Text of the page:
SNOWY Hydro chief executive, Terry Charlton, recently confirmed that water was dumped into the already flooded Murray-Darling Basin, but said the authority had little choice (The Australian, December 15, 2010, page 7). A real time operational diagram, however, tells a very different story.
Last Wednesday, Snowy Hydro could have sent water into Eucumbene dam. At only 20 percent it had a storage capacity of a whopping 4 cubic kilometres of water.
Instead, the water managers set the trans-mountain tunnels so water was flowing away from Lake Eucumbene at over 80 cubic metres per second (6,912 megalitres for Wednesday).
Water was filling Talbingo and forcing releases from Jounama pondage into the already spilling Blowering Dam, threatening the township of Tumut and adding to the crisis along the Murrumbidgee River.
As if this wasn’t enough, the real time operational diagram for Wednesday December 8, 2010, shows that this water, drawn from Eucumbene, was also being used by Murray electricity generators pushing even more water directly into the Murray Darling Basin.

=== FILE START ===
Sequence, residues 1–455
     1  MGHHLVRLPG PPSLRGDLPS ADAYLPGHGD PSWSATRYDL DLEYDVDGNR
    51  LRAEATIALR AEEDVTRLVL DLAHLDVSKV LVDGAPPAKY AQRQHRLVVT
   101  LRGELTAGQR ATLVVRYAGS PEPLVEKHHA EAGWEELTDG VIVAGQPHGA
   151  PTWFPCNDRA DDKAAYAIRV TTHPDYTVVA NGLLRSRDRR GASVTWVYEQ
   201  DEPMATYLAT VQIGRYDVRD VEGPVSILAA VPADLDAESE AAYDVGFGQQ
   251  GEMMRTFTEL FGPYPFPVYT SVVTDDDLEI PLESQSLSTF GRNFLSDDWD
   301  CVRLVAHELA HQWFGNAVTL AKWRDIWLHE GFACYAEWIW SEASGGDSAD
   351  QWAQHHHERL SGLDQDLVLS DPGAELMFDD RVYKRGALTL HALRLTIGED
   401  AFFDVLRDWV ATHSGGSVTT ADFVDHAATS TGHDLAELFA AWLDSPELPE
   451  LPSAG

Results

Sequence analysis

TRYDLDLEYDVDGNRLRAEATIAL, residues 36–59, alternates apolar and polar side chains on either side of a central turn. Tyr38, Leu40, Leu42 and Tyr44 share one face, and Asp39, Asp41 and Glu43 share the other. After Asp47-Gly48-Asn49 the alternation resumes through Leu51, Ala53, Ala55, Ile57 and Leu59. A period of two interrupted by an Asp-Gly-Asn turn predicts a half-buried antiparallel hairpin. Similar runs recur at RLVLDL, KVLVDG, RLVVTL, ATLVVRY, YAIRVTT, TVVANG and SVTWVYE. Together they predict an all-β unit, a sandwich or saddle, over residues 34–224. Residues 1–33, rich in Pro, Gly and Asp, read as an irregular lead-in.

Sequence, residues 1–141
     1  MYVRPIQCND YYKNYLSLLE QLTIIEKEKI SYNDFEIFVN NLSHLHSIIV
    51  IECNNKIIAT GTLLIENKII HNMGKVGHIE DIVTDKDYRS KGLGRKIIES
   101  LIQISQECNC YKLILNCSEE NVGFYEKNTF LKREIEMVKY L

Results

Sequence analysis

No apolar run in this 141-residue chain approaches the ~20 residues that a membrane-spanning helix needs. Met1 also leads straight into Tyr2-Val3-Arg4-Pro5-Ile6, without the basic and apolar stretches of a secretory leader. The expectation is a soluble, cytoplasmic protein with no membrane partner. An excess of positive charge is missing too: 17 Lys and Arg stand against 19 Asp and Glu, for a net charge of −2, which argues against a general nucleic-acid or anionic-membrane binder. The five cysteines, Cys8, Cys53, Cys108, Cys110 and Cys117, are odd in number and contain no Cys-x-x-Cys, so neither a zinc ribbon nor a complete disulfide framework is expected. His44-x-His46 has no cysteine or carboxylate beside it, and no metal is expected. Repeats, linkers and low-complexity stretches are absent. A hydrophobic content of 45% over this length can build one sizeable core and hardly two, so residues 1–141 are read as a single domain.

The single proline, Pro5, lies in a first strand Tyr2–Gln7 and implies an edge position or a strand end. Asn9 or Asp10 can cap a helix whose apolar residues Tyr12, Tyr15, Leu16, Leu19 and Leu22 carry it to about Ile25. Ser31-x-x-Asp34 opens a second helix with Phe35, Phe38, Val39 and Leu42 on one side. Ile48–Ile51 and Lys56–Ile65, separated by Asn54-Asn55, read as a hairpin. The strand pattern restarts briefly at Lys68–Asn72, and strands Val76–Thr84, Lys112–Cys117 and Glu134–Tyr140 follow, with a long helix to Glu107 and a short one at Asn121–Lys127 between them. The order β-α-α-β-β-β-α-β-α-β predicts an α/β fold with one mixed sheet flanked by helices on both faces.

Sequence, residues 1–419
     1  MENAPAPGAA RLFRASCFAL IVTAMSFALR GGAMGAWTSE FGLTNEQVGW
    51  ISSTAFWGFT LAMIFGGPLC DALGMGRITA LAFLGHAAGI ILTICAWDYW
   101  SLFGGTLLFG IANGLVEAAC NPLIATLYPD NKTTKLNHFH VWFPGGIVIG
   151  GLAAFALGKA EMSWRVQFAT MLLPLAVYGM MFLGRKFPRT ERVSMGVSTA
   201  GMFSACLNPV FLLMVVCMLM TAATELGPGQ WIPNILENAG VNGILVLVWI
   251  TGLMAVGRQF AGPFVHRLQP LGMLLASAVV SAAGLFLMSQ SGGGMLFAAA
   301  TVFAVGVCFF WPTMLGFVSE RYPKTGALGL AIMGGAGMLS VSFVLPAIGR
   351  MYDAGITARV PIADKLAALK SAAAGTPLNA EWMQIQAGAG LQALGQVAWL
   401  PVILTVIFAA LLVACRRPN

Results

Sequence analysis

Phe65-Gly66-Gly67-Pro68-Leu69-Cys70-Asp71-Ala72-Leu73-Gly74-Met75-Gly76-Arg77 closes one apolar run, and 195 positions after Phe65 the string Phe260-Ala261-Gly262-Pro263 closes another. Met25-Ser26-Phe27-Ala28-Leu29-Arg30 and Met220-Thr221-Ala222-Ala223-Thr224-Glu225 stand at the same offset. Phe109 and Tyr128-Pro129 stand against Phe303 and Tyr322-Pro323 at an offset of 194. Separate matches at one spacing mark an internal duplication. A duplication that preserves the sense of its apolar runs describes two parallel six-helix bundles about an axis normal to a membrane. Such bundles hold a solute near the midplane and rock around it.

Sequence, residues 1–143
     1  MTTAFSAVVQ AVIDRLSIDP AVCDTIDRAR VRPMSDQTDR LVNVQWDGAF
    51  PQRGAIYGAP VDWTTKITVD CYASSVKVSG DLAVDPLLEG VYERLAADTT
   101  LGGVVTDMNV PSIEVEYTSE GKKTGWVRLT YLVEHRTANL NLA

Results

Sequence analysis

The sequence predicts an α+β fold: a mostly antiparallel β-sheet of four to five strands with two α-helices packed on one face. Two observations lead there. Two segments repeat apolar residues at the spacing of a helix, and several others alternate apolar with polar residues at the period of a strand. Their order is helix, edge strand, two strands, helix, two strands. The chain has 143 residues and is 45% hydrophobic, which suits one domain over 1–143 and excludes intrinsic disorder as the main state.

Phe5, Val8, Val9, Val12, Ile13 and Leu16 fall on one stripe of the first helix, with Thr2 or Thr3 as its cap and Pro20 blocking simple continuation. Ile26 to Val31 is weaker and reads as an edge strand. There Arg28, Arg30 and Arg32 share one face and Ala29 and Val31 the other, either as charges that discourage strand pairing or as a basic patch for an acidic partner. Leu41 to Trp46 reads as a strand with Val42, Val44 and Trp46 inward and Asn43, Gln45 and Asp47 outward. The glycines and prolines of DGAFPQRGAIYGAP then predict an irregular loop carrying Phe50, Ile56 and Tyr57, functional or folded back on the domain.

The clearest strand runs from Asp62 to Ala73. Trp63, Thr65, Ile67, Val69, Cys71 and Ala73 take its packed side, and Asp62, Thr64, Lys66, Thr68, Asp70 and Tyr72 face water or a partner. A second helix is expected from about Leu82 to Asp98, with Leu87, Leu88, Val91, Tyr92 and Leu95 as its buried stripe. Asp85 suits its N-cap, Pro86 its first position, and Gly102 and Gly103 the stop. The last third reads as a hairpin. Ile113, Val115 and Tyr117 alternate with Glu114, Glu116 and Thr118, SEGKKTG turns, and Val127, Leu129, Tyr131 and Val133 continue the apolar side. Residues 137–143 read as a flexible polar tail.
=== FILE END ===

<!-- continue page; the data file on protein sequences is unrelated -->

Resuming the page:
“Mr Charlton was incorrect in saying that generation was only from inflows below Eucumbene last Wednesday, although they were large at the time,” a source told me this morning.
“Why weren’t Mr Charlton’s water managers pushing the water back for storage into Eucumbene from the Tumut system,” he asked.
Tumut River residents were issued with urgent evacuation orders last Thursday after the increase in outflows.
Desperate farmers phoned Snowy Hydro last week asking why flood waters were being sent west, rather than east to Lake Eucumbene, given this dam was less than half full, but their calls were ignored.
The Snowy Mountains Scheme was built for the storage and diversion of water with hydropower generation as a by product.
Current and past employees claim that the current board and management are now driven almost exclusively by money.
“The management are setting the business up for sale when the NSW government changes next year,” said one source. “They want the balance sheet to look as good as possible so [we] are generating [power] like mad, even when electricity prices are low and irrespective of downstream impacts.”